Bourse doctorale: lauréat 2020

Marc Olivier-Loiseau

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My doctoral thesis examines the morphosyntax of a subclass of pronouns (clitics) in Old French. I am interested in their position with regards to infinitives, a context that remains under-documented. We observe a series of differences with other Romance languages: for instance, Spanish and Italian have the order infinitive-clitic, whereas Modern French shows clitic-infinitive. Assuming that clitics appeared during the common Proto-Romance stage, I seek to situate in time when French branched off from the Spanish/Italian ordering. More generally, I look into how clitic placement evolved in French from the earliest records we have.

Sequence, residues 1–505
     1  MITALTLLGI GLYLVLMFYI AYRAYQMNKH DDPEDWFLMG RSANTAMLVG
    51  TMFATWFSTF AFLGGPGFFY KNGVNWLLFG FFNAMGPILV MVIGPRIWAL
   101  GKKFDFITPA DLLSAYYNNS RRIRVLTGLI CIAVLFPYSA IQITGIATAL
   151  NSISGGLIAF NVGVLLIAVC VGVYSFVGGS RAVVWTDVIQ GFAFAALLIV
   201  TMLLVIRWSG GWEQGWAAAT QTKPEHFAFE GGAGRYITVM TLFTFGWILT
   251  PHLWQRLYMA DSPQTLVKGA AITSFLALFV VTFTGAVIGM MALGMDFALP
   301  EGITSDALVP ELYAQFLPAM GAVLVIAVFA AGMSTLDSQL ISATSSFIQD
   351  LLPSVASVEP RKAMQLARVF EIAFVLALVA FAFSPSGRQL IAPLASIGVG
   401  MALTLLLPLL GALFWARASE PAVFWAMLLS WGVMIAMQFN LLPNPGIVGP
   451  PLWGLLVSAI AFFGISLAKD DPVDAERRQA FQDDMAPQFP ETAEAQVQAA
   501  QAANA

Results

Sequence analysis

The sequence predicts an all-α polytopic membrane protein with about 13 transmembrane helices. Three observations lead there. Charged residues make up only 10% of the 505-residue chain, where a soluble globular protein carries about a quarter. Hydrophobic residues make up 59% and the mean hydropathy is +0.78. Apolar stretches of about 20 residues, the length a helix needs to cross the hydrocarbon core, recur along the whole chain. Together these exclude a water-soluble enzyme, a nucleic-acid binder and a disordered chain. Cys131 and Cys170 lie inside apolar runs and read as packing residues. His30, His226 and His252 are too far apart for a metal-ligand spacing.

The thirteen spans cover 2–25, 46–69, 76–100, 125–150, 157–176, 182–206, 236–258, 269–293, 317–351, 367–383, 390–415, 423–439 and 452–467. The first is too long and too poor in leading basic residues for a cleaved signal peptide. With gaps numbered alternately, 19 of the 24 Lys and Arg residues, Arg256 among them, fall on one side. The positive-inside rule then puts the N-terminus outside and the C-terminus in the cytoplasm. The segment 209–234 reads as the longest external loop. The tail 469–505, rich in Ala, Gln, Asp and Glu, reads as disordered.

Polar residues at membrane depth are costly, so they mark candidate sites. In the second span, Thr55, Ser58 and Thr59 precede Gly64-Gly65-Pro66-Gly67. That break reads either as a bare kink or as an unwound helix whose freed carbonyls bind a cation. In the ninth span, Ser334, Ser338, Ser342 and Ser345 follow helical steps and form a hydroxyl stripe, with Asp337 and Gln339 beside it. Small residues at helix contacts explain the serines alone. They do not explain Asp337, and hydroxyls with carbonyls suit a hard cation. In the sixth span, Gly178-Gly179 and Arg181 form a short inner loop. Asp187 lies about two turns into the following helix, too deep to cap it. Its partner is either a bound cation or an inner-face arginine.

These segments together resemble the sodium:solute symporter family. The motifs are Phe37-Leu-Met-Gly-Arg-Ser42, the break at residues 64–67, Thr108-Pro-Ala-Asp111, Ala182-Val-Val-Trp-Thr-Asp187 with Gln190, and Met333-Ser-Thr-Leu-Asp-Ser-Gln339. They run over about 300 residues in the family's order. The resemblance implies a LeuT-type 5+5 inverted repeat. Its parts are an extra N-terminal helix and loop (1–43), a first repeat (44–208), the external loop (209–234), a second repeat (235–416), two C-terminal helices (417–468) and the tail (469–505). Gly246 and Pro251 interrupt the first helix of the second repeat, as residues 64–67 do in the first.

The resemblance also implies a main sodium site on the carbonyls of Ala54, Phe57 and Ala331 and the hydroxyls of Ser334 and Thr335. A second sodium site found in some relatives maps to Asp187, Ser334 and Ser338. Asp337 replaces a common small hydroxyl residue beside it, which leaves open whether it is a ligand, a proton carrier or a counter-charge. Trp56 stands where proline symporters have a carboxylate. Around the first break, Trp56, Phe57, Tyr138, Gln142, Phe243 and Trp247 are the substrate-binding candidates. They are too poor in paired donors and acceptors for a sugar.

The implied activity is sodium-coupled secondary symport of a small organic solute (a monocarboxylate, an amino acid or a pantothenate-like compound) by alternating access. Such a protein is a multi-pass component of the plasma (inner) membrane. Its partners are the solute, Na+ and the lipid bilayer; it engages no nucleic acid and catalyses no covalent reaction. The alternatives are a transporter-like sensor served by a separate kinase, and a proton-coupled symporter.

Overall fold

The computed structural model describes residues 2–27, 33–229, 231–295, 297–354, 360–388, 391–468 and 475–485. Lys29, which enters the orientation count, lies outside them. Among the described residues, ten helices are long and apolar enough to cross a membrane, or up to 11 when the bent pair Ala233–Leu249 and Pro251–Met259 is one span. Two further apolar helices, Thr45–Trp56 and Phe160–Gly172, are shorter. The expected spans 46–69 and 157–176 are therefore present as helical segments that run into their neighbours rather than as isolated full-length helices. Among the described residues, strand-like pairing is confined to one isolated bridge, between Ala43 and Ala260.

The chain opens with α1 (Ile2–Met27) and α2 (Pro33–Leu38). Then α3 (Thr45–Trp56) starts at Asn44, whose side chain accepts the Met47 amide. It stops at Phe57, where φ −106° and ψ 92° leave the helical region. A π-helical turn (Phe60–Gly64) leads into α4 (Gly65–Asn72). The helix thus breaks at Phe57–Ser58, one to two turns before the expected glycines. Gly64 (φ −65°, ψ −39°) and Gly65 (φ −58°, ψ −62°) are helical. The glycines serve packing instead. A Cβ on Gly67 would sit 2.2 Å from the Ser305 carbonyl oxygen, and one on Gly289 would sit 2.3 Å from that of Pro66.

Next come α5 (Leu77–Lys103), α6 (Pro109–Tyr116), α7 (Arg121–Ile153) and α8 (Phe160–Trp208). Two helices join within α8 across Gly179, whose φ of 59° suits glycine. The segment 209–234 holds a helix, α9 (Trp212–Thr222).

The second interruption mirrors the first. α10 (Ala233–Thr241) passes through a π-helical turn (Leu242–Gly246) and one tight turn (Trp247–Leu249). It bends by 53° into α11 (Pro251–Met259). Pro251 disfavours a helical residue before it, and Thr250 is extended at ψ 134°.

Marc Olivier-Loiseau, Ulster University 

Supervision: Dr Christina Sevdali and Prof Raffaella Folli

Bourse doctorale - lauréate 2019


Emma Dunne

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My thesis considers the key eighteenth-century theme of happiness in Isabelle de Charrière’s complete works, examining her idiosyncratic vision of, and approach to, happiness, through analysis of her novels, plays, and personal correspondence. Specifically, my thesis addresses the pursuit of happiness in Charrière's writings, focusing on obstacles encountered in its pursuit, such as marriage, societal conventions, and the French Revolution and its related exile, while also addressing the many opportunities for happiness as elucidated in her works, notably through friendship, writing, and musical endeavours. While my thesis reveals Charrière's perspectives on happiness, it also serves to situate Charrière and her ideas on happiness within the wider debates on happiness in the eighteenth-century French narrative.